State of the Farm Economy in Late 2023

During a recent webinar, the staff at Agricultural Economic Insights looked into the current economic conditions in agriculture and what might be coming in 2024. Brent Gloy, co-founder of AEI, says the last three years have seen an above-average farm economy.

“This surprised me a little bit. USDA just adjusted the 2022 net farm income to the all-time record high in 2022,” according to Gloy. “Now it surprised me a little bit. I know, on our farm, it was probably our best year ever. We had very high prices for commodities, and we had quite a bit of government farm program payments in that year. So, it was a very good year.”

While the USDA forecast is for lower profits this year, Gloy says the income level is still high compared to past years. He says, “2023 is forecast to be down a bit but still at a high level. As we’re going into this situation that we’re watching right now, where we’re starting to see commodity prices fall substantially, we’re coming off of three pretty good years, and I think that’s important to remember.”

David Widmar of AEI says the drop in farm income from 2022 to 2023 is large, but it’s important to keep things in perspective.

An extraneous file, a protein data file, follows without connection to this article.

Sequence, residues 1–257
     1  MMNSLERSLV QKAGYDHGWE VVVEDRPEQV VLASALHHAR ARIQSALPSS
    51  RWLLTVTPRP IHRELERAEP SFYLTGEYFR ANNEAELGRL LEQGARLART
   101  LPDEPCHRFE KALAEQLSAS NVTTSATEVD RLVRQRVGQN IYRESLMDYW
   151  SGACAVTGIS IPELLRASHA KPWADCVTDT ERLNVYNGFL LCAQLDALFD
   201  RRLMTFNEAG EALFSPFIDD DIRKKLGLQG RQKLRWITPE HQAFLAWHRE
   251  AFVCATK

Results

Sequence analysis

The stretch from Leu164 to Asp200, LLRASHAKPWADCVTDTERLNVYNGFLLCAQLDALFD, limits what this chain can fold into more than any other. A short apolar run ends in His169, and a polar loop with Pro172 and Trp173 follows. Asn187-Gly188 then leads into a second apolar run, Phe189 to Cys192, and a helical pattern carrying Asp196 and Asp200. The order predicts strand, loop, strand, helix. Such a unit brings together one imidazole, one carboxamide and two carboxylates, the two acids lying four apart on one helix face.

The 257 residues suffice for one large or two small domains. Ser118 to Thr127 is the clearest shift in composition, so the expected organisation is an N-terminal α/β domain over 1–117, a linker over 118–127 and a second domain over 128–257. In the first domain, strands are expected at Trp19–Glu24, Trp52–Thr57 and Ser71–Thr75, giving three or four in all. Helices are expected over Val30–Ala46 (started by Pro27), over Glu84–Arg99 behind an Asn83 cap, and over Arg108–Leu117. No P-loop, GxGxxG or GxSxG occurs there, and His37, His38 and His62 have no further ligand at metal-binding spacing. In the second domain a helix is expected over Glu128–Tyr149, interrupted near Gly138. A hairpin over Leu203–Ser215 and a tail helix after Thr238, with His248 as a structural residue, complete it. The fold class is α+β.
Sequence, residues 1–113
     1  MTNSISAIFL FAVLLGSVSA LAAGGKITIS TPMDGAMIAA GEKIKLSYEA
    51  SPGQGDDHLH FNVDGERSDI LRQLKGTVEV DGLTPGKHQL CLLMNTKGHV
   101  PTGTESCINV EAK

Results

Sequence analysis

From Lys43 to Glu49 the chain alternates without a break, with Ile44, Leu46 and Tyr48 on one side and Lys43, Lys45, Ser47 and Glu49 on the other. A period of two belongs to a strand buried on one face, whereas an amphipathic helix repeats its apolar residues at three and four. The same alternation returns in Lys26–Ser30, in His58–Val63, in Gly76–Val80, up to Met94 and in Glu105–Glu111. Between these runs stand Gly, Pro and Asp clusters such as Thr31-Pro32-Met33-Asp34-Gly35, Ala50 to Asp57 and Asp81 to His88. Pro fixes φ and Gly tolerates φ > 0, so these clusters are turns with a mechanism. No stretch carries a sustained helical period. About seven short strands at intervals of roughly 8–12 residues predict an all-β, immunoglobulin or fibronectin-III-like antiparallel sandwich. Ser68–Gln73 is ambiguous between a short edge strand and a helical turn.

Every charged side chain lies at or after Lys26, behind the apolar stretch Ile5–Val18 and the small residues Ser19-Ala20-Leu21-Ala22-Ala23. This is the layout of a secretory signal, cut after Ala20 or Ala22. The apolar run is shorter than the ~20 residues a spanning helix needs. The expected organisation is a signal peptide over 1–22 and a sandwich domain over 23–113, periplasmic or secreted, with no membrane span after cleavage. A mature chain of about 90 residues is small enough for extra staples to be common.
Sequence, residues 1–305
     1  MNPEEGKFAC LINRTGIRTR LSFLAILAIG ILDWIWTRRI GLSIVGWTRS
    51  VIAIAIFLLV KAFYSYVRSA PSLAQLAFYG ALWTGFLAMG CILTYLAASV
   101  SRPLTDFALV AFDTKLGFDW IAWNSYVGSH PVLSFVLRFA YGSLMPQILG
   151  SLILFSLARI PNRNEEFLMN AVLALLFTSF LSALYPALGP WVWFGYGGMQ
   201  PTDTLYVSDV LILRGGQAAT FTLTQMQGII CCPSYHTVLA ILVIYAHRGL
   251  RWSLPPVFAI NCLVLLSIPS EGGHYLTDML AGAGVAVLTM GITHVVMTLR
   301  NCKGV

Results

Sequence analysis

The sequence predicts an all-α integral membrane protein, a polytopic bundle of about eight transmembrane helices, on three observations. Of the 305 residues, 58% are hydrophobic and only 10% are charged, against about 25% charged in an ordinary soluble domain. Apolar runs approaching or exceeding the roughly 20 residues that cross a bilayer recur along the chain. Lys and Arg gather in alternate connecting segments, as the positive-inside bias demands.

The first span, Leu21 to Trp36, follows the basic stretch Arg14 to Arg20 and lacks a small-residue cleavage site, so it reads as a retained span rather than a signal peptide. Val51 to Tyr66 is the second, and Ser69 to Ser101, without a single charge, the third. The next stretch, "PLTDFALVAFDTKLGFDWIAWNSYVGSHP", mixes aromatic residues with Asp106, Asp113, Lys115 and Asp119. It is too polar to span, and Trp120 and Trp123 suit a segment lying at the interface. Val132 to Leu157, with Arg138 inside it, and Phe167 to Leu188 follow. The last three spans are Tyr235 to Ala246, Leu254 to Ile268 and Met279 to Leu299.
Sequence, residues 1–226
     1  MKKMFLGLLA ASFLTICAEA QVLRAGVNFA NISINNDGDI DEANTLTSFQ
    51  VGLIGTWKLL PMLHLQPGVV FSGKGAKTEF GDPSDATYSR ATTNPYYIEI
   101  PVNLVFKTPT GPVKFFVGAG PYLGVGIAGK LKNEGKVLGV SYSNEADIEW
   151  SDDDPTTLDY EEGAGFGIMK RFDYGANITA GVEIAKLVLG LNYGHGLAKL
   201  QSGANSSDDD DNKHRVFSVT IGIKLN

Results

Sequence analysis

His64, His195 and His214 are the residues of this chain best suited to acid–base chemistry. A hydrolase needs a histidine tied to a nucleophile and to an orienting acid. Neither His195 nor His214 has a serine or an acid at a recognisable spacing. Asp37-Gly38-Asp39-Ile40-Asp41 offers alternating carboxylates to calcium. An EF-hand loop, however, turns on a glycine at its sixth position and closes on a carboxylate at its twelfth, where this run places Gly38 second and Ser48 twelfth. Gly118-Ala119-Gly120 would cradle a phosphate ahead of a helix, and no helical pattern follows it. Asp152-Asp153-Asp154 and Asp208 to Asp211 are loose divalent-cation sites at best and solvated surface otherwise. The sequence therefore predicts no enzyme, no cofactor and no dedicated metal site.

“It was a big number, $40 billion, almost a 25 percent decline,” according to Widmar. “That sounds like a shocking, scary number, especially when you put it in the context of high production expenses, high fertilizer, and high interest rates, But as we talked about earlier, it’s still historically a really strong year. It is the artifact of coming off of a record-high number. When you start to revert to the mean after record highs, you’re going to have some big adjustments.”

Widmar talks about what’s driving the drop between 2022 and 2023. He says, “Value of animal production; a lot of this is coming out of the hog sector, and poultry is not doing very well also. So, a lot of the farm economy hits came out of the animal side. Higher production expenses accounted for about $16 billion, lower direct payments of almost $5 billion, and interest expense. That one kicked in at almost $9 billion of extra upturn here.”

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